Judge: Ohio#8217;s lethal injection unconstitutional
ELYRIA — Ohio’s method of putting prisoners to death is unconstitutional because two of three drugs used in lethal injection can cause pain, a judge ruled Tuesday.
The process doesn’t provide the quick and painless death required by Ohio law, said Lorain County Common Pleas Judge James Burge, who agreed with two inmates facing murder charges who had challenged the procedure.
Ohio must stop allowing a combination of drugs and focus instead on a single, anesthetic drug, Burge said.
State officials were reviewing the decision and had not determined if an appeal would be filed with the Ohio Supreme Court, said Jim Gravelle, a spokesman for the Ohio Attorney General’s office.
In an interview in his chambers, Burge said his ruling applies only to the two inmates who challenged the procedure in his court and is likely not appealable unless one of the men gets sentenced to death.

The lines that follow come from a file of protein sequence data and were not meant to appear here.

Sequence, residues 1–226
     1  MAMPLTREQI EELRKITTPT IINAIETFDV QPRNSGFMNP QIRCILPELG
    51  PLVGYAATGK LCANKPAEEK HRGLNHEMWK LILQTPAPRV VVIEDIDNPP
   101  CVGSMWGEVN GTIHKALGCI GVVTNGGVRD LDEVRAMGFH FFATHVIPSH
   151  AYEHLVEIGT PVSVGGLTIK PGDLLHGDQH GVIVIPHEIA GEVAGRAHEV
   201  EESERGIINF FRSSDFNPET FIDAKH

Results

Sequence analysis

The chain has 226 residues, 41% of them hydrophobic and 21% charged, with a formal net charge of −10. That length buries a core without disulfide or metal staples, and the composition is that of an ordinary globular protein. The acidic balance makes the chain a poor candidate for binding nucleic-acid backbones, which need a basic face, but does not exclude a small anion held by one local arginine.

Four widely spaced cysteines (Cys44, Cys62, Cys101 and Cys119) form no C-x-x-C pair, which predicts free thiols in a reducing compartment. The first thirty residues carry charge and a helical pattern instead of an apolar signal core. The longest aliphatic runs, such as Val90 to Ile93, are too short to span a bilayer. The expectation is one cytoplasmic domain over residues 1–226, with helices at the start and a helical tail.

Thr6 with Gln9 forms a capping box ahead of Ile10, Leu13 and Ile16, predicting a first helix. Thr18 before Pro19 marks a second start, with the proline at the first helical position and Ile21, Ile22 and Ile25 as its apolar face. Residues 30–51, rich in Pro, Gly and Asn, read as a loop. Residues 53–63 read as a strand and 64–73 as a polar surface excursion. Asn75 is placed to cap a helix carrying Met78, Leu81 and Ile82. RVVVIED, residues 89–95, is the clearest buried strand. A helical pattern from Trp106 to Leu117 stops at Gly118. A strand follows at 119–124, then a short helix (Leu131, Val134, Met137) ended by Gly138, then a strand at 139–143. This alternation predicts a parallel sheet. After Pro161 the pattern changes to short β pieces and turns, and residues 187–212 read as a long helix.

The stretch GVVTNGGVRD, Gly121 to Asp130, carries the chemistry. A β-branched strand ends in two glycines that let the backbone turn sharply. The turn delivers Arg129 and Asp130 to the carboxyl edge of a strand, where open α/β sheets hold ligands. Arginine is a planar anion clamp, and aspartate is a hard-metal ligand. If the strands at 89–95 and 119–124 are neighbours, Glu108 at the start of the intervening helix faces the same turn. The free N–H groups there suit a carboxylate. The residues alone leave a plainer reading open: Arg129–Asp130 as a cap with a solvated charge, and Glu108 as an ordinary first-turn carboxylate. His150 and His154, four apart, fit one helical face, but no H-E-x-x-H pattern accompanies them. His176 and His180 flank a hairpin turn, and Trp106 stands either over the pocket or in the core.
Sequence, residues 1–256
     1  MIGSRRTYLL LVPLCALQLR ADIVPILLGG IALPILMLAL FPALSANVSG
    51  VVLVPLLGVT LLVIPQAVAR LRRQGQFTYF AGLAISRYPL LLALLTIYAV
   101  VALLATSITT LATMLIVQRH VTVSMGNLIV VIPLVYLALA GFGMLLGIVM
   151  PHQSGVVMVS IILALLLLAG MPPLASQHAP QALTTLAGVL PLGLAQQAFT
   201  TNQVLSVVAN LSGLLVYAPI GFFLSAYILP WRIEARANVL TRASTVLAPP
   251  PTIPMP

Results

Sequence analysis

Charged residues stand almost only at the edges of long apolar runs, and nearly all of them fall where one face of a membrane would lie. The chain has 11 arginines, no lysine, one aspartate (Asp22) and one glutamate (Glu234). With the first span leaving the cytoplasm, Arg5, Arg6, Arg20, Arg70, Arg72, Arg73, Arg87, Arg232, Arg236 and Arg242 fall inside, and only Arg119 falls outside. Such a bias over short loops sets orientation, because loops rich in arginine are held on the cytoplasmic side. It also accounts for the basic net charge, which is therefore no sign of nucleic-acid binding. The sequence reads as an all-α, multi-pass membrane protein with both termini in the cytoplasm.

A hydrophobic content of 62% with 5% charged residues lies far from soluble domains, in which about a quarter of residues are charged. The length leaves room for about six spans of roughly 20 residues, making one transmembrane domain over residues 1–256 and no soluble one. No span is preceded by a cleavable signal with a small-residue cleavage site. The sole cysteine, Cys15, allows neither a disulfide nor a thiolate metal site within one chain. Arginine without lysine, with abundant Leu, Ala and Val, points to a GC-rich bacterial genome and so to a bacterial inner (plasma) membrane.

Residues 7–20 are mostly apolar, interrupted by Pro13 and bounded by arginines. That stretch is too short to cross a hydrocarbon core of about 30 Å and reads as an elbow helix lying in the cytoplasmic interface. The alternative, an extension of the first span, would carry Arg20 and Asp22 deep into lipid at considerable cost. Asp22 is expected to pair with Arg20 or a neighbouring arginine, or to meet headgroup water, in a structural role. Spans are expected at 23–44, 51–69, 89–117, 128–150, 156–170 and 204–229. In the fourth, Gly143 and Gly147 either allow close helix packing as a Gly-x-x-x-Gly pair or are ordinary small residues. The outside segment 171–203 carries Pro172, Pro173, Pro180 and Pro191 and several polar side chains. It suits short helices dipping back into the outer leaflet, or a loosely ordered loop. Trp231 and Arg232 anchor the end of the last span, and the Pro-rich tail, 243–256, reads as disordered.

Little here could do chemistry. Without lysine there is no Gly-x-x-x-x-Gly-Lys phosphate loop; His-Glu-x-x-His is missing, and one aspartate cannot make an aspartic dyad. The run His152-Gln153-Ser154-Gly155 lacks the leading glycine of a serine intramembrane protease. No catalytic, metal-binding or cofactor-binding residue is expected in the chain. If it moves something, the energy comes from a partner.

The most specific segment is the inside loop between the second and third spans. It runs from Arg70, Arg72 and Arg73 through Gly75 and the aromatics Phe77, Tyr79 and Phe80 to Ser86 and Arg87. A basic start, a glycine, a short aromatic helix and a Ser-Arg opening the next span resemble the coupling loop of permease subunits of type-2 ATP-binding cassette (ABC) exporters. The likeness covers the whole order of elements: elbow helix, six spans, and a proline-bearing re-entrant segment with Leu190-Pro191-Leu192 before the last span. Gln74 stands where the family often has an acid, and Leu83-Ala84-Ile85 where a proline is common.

He doubted the ruling would have a direct effect on executions in Ohio unless it influences the Legislature to change the wording of the law concerning lethal injection.
Gov. Ted Strickland, a Democrat who supports the death penalty, said he hadn’t had a chance to discuss the ruling with his top legal adviser and couldn’t comment on its implications.
In April, the U.S. Supreme Court turned back a constitutional challenge to the lethal injection procedure in Kentucky, which uses the same three drugs used in Ohio. The high court ruled that Kentucky’s procedure didn’t constitute cruel and unusual punishment.
Ohio’s overall lethal injection protocol is similar to Kentucky’s but not identical.